Walter Weyl was one of the three founders of the New Republic, all of whom were pivotal in the creation of so-called “state activist liberalism”, an Orwellian phrase if there ever was one. Weyl was a professor at the Wharton School of Business and advocate of socialism. His book, New Democracy, is not as popular today as Herbert Croly’s and Walter Lippmann’s, his partners’. But Weyl’s book is the most prophetic and forthright. In it he argues (unlike Croly and Lippmann who were not so explicit) that Progressivism (the ideology of Theodore Roosevelt -R- and Woodrow Wilson -D-) would lead to socialism.
The culmination of Weyl’s ideas has occurred. The close linkage between the Progressivism of the Rockefeller Republicans (of whom Theodore Roosevelt was the first) and the social democracy of the Democrats (that traces back to Franklin Roosevelt and William Jennings Bryan) is now evident. With the bailout we see that both Progressivism and social democracy are, as Weyl knew and advocated, complementary versions of socialism. The triumph of Progressivism was, as Gabriel Kolko put it, the triumph of conservatism.
One side effect of this is we now know what to call them. They are not “liberals”, which is what libertarians should be called. They are not “Progressives” because no ideology is more conservative than socialism. Nor are they “social democrats” because they do not believe in democracy, preferring pandering to Wall Street and other special interests, especially public sector unions, failed manufacturing firms and banks to democracy. Rather, they are SOCIALISTS. I therefore say to you now:
KNOW YE BY THESE PRESENTS THAT HENCEFORTH I, MITCHELL LANGBERT, REFUSE TO CALL ROCKEFELLER REPUBLICANS AND DEMOCRATS BY ANY OTHER THAN THEIR TRUE NAME: SOCIALISTS.
A second side effect is that there is an important struggle ahead: to retake control of the GOP. In the early twentieth century the GOP was the party of Progressivism. William Howard Taft was what today would be called a conservative, and Theodore Roosevelt bolted the GOP to start the Progressive or Bull Moose Party by which time he was aggressively socialist. William Jennings Bryan had captured the Democrats in 1896 on behalf of populism, and these ideas found final articulation not in the Progressivism of Wilson, who was for most of his life a Bourbon or laissez faire Democrat, but of Franklin D. Roosevelt. The fact is that most of FDR’s ideas had already been advocated by TR in 1912.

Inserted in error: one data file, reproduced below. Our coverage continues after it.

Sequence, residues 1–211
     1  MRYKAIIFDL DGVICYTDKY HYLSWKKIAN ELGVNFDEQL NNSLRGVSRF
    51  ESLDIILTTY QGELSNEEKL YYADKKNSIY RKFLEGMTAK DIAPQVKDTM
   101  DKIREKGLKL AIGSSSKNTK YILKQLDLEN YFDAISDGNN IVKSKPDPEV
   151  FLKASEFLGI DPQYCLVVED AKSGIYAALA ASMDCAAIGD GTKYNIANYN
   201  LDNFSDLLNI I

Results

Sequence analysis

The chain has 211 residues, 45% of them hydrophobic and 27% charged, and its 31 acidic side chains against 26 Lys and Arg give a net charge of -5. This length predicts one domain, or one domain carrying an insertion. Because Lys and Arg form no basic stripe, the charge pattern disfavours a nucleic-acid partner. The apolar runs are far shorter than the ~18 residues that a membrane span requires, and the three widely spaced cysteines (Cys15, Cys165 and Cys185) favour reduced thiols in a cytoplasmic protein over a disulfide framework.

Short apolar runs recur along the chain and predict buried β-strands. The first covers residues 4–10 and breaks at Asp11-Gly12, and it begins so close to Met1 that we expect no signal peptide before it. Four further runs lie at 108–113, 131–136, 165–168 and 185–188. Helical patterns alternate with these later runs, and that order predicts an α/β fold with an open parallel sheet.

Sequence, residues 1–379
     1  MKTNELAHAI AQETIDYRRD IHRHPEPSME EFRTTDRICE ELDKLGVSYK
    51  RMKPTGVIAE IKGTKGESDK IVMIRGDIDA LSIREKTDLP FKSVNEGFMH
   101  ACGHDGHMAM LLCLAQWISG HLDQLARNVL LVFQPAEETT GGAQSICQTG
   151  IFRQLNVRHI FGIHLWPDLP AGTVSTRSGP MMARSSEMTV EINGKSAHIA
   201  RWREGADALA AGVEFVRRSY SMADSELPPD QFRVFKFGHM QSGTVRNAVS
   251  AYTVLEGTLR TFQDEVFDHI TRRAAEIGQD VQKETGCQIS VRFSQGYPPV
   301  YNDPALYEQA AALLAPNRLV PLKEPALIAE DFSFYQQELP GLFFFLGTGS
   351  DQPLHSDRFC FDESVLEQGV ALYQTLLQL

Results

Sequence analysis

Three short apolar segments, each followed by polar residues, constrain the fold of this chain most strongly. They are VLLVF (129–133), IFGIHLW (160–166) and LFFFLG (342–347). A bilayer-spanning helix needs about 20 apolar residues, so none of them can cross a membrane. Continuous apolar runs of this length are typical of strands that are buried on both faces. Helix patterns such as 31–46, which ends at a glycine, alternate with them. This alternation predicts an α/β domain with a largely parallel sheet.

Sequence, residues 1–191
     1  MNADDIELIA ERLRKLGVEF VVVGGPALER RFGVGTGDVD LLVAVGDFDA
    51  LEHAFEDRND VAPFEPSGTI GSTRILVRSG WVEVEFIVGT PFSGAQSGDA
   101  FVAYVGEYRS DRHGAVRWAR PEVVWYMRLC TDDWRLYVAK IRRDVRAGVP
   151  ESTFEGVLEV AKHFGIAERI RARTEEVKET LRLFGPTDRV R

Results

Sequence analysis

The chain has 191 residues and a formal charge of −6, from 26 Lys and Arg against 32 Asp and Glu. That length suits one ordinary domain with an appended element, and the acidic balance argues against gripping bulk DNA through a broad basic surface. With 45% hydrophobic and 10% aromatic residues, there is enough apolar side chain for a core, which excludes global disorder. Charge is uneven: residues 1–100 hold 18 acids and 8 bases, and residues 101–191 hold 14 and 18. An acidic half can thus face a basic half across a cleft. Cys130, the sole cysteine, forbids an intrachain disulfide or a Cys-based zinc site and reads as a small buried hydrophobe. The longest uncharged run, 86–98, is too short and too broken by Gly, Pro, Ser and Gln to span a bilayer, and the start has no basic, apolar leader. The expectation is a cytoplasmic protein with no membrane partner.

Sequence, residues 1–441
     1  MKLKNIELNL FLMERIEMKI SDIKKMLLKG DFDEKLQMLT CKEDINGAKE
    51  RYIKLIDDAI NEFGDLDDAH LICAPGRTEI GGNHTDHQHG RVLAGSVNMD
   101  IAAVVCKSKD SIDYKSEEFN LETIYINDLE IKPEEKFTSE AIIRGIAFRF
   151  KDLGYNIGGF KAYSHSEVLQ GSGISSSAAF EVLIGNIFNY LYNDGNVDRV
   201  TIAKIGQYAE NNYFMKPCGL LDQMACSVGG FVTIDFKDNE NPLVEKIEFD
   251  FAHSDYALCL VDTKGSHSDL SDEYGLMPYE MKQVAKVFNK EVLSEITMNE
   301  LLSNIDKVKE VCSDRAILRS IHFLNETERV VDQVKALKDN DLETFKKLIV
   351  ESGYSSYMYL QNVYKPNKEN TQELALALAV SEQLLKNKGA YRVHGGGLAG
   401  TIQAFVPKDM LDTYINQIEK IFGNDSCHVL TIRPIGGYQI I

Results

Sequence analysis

The GOP never recovered from the harm that TR did. Subsequent presidents, Harding and Coolidge, were not ideologically astute and did absolutely nothing to alter the Progressive institutions that Roosevelt and Wilson had initiated. Hoover was a Progressive from the time he had worked for Woodrow Wilson as his food industry price fixing Czar during World War I. The New Deal was just a continuation of Hoover’s failed Progressive ideas such as using public works to cure unemployment. Eisenhower did nothing to reduce government and added his share, such as the Interstates. Goldwater and Reagan were a departure, but George W. Bush was part of the Progressive tradition, and waited until several years into his office to make it clear.
We are left with a situation where socialist extremists are in control of both parties. The pro-bailout Republicans of McCain and Bush and the socialist Democrats constitute a twin-headed hydra. We can win, though, because a healthy 30 percent of America still favors freedom. If we align ourselves with various other interests, such as the religious, we can win.
But there is a big fight ahead. Liberty Republicans need to think about how to convince the Rockefeller Republicans to move to their true home–the Democratic Party. Yes, let’s get rid of them. They predominate in the unwinnable Blue states anyway, and the public will not care if oil, health care and insurance executives align themselves with the party of greed, the Democrats.
In any case, we have a good argument: the pro bailout Republicans lost because of their ideas. They have failed. They should step aside.
Mitchell Langbert blogs at http://www.mitchell-langbert.blogspot.com.